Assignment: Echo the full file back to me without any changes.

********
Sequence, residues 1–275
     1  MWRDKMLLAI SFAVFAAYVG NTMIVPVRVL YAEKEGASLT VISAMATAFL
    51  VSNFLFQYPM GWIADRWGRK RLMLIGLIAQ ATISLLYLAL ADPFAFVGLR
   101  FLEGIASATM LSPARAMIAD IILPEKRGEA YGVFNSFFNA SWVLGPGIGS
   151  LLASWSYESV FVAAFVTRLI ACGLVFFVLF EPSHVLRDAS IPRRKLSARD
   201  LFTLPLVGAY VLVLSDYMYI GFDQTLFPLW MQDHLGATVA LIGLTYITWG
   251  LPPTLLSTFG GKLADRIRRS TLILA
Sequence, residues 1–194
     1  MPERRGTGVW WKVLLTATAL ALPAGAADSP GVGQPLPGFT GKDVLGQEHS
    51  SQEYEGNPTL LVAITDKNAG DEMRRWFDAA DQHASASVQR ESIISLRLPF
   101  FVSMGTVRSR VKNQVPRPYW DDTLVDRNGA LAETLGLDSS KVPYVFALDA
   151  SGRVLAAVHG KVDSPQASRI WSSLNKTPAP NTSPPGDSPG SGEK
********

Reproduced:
Sequence, residues 1–275
     1  MWRDKMLLAI SFAVFAAYVG NTMIVPVRVL YAEKEGASLT VISAMATAFL
    51  VSNFLFQYPM GWIADRWGRK RLMLIGLIAQ ATISLLYLAL ADPFAFVGLR
   101  FLEGIASATM LSPARAMIAD IILPEKRGEA YGVFNSFFNA SWVLGPGIGS
   151  LLASWSYESV FVAAFVTRLI ACGLVFFVLF EPSHVLRDAS IPRRKLSARD
   201  LFTLPLVGAY VLVLSDYMYI GFDQTLFPLW MQDHLGATVA LIGLTYITWG
   251  LPPTLLSTFG GKLADRIRRS TLILA
Sequence, residues 1–194
     1  MPERRGTGVW WKVLLTATAL ALPAGAADSP GVGQPLPGFT GKDVLGQEHS
    51  SQEYEGNPTL LVAITDKNAG DEMRRWFDAA DQHASASVQR ESIISLRLPF
   101  FVSMGTVRSR VKNQVPRPYW DDTLVDRNGA LAETLGLDSS KVPYVFALDA
   151  SGRVLAAVHG KVDSPQASRI WSSLNKTPAP NTSPPGDSPG SGEK